Geoengineering the climate

Another solution being proposed to counter the alleged global warming–in addition to reducing the carbon in the atmosphere–is “geoengineering.” Here is what Samuel Thernstrom of the conservative think tank the American Enterprise Institute is proposing:

The most promising ideas take their proof of concept from nature. Scientists noted that the 1991 eruption of Mount Pinatubo in the Philippines cooled the planet for two to three years by roughly half a degree Celsius. There are ways of artificially reproducing this effect. For instance, ultra-fine sulfur particles injected into the upper atmosphere could deflect 1 or 2 percent of incoming sunlight — almost unnoticeable but enough to cancel out the warming expected to occur this century. This would not halt the slow acidification of the oceans caused by elevated levels of carbon dioxide, but it could cool the planet and drastically reduce the heat-related damages we would otherwise experience, buying time for emissions reductions to take effect.

There are other potentially effective geoengineering techniques that deserve serious study. For instance, low-altitude marine stratocumuli clouds, which cover about 25 percent of the world’s oceans, also reflect sunlight. Research suggests that it might be possible to increase the reflective abilities of these clouds by spraying a fine mist of seawater into the air. A fleet of roughly 1,500 ships (estimated cost: $2 million per ship) might be able to increase the reflectivity of these clouds by 10 percent, enough to counteract anticipated warming.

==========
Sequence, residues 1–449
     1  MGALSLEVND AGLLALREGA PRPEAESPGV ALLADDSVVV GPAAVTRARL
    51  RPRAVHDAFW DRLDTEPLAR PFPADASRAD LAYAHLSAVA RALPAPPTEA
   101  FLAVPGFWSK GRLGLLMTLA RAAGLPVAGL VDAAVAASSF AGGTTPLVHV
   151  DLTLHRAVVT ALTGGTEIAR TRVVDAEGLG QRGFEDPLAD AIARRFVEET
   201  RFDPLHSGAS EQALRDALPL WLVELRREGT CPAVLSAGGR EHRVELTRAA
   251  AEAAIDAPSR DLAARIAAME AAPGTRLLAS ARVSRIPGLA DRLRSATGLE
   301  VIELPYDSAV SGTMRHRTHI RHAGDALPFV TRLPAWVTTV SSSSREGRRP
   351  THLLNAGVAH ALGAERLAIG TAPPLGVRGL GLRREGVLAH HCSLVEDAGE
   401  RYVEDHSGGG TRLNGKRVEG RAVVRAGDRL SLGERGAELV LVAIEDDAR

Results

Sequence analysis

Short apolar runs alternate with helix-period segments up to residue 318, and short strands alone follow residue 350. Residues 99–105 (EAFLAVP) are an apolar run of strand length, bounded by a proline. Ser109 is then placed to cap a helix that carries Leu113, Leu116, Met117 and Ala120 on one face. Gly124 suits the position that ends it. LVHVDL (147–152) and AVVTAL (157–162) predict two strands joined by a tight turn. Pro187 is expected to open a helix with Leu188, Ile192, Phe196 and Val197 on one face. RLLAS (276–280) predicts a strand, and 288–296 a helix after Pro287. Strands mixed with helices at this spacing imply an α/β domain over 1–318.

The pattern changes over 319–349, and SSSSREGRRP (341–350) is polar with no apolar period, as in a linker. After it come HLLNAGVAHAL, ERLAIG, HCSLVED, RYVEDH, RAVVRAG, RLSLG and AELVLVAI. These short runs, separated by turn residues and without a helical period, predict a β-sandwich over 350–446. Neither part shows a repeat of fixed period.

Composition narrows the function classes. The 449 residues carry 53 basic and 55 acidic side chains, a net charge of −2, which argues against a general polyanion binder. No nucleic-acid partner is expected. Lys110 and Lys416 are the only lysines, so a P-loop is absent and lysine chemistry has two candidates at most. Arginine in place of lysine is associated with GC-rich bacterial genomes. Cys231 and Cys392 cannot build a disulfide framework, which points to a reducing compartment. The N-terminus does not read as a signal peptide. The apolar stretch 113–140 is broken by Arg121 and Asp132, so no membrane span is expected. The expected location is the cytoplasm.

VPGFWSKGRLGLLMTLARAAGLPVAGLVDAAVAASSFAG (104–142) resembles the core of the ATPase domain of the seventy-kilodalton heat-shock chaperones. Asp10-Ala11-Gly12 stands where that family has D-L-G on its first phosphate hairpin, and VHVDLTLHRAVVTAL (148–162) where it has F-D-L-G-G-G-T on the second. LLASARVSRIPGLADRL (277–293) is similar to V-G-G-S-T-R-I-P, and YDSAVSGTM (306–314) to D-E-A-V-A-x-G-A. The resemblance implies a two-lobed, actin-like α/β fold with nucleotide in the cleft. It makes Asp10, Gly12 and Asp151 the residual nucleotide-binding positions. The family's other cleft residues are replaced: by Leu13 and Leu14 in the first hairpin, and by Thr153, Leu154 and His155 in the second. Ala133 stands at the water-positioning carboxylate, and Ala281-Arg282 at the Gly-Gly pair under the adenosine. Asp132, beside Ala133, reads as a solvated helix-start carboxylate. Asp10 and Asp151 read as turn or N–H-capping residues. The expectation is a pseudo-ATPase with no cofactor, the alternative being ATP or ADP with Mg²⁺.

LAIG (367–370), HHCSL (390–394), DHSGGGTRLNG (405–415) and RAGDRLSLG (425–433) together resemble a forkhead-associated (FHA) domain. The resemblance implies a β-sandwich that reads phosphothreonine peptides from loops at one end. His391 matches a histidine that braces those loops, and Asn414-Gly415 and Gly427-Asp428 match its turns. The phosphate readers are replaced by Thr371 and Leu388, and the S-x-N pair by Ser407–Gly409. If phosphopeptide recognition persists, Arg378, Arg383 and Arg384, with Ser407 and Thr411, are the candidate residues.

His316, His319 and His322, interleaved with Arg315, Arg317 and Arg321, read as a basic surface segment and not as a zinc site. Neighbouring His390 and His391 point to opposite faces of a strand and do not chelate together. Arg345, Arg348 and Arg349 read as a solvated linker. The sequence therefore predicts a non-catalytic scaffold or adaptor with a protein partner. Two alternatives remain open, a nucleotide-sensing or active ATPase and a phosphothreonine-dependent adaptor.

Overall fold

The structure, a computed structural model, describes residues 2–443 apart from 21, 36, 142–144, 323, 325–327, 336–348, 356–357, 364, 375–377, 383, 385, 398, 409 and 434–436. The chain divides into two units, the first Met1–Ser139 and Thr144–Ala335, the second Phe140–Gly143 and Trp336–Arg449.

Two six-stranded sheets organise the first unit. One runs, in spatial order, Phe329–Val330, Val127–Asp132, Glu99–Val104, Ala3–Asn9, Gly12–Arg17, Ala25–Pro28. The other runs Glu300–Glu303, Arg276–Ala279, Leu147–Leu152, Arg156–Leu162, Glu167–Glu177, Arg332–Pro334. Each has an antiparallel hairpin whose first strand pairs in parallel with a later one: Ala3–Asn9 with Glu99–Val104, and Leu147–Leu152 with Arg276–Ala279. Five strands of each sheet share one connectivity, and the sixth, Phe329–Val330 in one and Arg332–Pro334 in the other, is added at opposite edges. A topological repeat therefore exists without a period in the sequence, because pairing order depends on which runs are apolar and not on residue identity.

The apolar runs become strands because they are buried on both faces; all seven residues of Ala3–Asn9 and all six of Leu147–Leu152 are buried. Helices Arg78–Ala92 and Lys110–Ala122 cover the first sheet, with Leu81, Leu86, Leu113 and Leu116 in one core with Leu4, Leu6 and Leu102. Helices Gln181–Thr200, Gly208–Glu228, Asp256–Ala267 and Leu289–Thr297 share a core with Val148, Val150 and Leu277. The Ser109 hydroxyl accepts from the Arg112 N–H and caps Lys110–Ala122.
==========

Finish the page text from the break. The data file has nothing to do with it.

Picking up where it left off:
Into this category we could put the idea of painting the world’s roofs white so as to reflect more of the sun’s energy back into space.

My impression is that some conservatives are embracing such schemes–since they would supposedly be cheap and painless, as opposed to “cap and pay” schemes and eliminating carbon fuels–while they are being opposed by environmentalists for their trust in technology and for being, well, painless. But aren’t both approaches equally outlandish in their own ways?

About Gene Veith

Professor of Literature at Patrick Henry College, the Director of the Cranach Institute at Concordia Theological Seminary, a columnist for World Magazine and TableTalk, and the author of 18 books on different facets of Christianity & Culture.

  • Paul Blase